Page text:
Publication Date

2018-12-03

Availability

Embargoed

Embargo Period

2020-12-02

Degree Type

Dissertation

Degree Name

Doctor of Philosophy (PHD)

Department

Marine Geology and Geophysics (Marine)

Date of Defense

2018-10-18

First Committee Member

Shimon Wdowinski

Second Committee Member

Falk Amelung

Third Committee Member

Guoqing Lin

Fourth Committee Member

Timothy Dixon

Abstract

Interferometric Synthetic Aperture Radar (InSAR) is a powerful tool to detect and monitor ground deformation. It has been widely used to study deformation processes caused by tectonic (e.g. earthquakes, volcanoes) and non-tectonic (e.g. sinkholes, city subsidence) processes using phase differences between two acquisitions over the same area. However, there are several limitations for InSAR method. Tropospheric phase delay is currently the major source of error in InSAR. This study explores the detection limits of InSAR and quantifies the effect of tropospheric delay on In-SAR time series products, such as velocity fields, using simulation of tropospheric delay approach (Chapter 3) and, works towards the characterization of interseismic deformation patterns of the Ganos Fault in northwestern Turkey (Chapter 4). The detection threshold estimates are carried out by statistically analyzing histograms of simulated tropospheric delay time series. The results of our case study indicate that 1 mm/yr detection threshold can be achieved with a 5 years or longer data set. Interseismic deformation characteristics of the Ganos Fault is studied by using InSAR data from ALOS-PALSAR satellite between 2007 and 2011. InSAR derived velocity field and dislocation models are used to invert for slip rate and locking depth parameters. Along and across strike variations of slip rate and locking depth parameters and along and across strike variations of locking depth and slip rate parameters are documented with high spatial resolution. The slip rate is estimated is to vary between 10 and 15 mm/yr and the locking depth is estimated to vary between 2000 and 5000 meters. Localized aseismic surface creep at 500 to 600 meters depth with 3 to 4 mm/yr creep rate is observed in the western section of the Ganos Fault.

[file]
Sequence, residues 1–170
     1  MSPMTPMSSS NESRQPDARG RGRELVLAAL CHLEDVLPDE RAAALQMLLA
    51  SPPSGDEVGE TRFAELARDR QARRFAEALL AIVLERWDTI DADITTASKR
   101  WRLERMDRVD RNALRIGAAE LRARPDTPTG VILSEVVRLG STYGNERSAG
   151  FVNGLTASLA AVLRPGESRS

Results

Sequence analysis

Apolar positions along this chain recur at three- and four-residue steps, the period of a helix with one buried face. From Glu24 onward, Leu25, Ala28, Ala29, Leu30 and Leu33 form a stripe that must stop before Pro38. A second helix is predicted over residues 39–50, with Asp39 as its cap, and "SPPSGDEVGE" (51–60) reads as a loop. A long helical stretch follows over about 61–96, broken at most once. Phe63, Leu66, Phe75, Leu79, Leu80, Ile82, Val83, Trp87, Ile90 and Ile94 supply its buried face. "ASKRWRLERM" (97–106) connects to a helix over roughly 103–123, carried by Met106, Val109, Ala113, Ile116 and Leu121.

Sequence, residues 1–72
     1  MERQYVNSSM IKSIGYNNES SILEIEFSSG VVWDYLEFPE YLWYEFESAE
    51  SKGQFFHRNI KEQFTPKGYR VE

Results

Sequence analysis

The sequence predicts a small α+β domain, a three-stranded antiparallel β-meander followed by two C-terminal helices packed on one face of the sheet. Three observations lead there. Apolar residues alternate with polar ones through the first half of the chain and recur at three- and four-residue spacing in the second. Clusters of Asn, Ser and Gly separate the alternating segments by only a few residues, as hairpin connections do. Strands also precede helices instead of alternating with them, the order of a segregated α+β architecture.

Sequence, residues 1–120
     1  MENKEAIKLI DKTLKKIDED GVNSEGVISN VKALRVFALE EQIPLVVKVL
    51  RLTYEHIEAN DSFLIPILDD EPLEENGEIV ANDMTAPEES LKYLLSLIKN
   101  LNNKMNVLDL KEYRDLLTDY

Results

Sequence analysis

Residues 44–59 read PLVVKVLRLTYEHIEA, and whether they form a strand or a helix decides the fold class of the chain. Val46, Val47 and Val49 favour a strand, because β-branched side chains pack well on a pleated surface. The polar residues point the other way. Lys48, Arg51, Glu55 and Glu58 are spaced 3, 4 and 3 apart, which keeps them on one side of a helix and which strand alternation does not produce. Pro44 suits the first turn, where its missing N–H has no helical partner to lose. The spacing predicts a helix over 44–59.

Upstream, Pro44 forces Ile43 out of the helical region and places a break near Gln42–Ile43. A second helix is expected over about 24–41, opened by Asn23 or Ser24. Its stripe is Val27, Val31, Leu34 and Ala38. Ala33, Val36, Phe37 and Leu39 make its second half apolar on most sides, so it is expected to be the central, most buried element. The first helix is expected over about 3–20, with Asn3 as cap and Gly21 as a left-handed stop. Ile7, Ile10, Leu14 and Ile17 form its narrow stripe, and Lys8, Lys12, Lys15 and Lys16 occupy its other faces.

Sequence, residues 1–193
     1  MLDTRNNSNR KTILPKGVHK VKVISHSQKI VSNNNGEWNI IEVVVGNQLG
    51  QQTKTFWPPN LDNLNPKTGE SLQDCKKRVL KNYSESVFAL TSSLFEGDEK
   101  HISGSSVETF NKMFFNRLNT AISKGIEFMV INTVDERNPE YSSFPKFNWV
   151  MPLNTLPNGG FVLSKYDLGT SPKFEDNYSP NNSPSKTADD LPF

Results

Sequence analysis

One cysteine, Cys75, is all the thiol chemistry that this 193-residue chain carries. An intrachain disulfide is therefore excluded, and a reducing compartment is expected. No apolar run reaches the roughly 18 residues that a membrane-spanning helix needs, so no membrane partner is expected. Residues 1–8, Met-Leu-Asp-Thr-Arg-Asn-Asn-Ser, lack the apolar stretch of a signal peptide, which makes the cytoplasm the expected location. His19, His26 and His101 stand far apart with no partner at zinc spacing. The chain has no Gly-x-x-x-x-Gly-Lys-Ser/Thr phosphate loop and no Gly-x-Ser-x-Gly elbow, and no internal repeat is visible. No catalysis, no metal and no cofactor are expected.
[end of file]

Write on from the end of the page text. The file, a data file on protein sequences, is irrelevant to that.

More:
Keywords

InSAR; Tropospheric Delay; Ground Deformation; Detection Threshold; Tectonics; Ganos Fault

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